Explore the trails, natural garden and visitor facilities and enjoy the views and rare habitats at the new Cooper Mountain Nature Park near Beaverton.
Overlooking the Tualatin River Valley, the new Cooper Mountain Nature Park sits on the southern edge of Beaverton, shouldered by dense urban development to the north and open agricultural lands to the south. The 231-acre park offers visitors 3 1/2 miles of gravel trails traversing the park's rare habitats and natural features. Cooper Mountain Nature Park is operated through a partnership between Metro and the Tualatin Hills Park & Recreation District.
Naturalists from Metro and the Tualatin Hills Park & Recreation District – as well as other experts – offer classes and tours for all ages at Cooper Mountain. View calendar items below for more information. Register for classes by calling 503-629-6350 or visiting THPRD's website.Register online
From Highway 217 take the Scholls Ferry Road exit and head west on Scholls Ferry past Murray Boulevard. At Southwest 175th Avenue, turn right and go north, uphill, about 1.8 miles and turn left on Kemmer Road. The park entrance is on the south side of Kemmer Road.
From Southwest Farmington Road (Highway 10), turn south on 185th Avenue, which will become Gassner Road, turn left on 190th Avenue and left on Kemmer Road. Download a map
Hike, walk, watch wildlife or simply enjoy the views when you visit Cooper Mountain Nature Park with your friends or family. More than three miles of trails with varying levels of difficulty traverse the park and include a 3/4-mile loop that is designed for accessibility.
The trails pass through each of Cooper Mountain's distinct habitats – from forest to prairie to oak woodlands. From these trails, visitors are rewarded with grand views of the Chehalem Mountains and Tualatin Valley, close-up looks at Oregon white oaks and wildflowers, and – if you are quiet and lucky – glimpses of rare animal species like the Northern red-legged frog and Western gray squirrel. Download the trail map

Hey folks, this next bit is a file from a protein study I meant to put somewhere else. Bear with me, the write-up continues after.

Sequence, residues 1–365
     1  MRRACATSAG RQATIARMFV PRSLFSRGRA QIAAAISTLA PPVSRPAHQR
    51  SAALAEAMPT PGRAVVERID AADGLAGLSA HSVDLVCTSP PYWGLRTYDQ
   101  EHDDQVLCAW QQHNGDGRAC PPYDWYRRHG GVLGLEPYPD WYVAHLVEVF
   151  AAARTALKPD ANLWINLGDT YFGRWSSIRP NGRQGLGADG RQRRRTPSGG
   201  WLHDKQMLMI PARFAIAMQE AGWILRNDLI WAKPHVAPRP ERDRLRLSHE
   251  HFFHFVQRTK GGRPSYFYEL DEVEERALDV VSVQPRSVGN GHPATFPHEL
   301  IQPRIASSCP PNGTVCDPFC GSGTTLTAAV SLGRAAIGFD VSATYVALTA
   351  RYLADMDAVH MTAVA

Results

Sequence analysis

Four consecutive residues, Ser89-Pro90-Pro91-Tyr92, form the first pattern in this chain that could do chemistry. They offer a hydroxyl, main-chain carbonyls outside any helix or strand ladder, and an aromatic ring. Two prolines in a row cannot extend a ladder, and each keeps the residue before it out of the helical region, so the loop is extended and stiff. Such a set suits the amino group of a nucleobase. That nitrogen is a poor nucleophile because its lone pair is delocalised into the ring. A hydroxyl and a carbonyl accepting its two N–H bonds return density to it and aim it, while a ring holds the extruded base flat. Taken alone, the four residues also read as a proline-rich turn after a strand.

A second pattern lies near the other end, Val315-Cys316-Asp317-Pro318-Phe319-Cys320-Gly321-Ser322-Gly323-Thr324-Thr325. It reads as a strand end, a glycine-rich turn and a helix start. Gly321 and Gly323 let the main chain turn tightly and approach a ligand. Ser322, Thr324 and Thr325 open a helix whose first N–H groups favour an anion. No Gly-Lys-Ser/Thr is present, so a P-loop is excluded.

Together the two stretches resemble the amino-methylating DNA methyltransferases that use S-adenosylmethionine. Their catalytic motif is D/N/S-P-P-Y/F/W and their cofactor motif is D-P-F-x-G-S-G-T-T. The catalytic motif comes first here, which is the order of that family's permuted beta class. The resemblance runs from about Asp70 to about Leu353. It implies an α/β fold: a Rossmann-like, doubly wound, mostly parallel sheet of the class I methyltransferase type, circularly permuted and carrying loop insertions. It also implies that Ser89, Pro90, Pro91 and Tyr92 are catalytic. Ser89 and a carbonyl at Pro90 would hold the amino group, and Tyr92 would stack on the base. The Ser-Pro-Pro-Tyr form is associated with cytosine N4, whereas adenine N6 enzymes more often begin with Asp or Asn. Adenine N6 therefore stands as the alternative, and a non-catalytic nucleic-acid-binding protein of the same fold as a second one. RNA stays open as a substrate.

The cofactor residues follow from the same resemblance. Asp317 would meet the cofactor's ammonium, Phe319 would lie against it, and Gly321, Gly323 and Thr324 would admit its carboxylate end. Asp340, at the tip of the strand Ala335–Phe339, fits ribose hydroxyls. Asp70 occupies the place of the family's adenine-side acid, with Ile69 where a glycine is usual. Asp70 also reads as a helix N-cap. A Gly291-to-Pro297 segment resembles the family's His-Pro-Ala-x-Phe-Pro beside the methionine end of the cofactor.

The park includes accessible restrooms and a Nature House for environmental education programs that will serve as a base for staff and volunteers. A demonstration garden located next to the nature house will showcase native and drought-tolerant plants suited to Cooper Mountain's dry climate and south-facing slopes. The plants have been selected to give back yard gardeners new ideas to try at home. More about natural gardening
For the benefit of wildlife please, leave your pets at home. No alcohol, smoking, bikes or equestrian use are allowed within the park. Bike racks are available near the Nature House. The park is open daily, dawn to dusk.
The Tualatin Hills Park & Recreation District provides day to day management at Cooper Mountain Nature Park. This includes park ranger operations, security service, educational programming, park maintenance and natural resources management. Voter-approved funds allowed Metro to purchase land on Cooper Mountain beginning in 1997. More land acquisition followed until 231 acres were under Metro's protection and care. Since that time, the natural area has been undergoing active restoration and land management. Volunteers have participated in nearly every aspect of Cooper Mountain's transformation – removing invasive species, restoring native grasses and wildflowers, planting more than 110,000 trees and shrubs, enhancing the oak woodlands and improving the small quarry pond. Metro's science team will continue to lead restoration activities at Cooper Mountain. Park development was funded through Metro's voter-approved 2006 natural areas bond measure and a grant from Oregon State Parks.
Find out about upcoming sneak preview tours of newly protected natural areas, nature programs and volunteer opportunities by subscribing to the Metro GreenScene. Go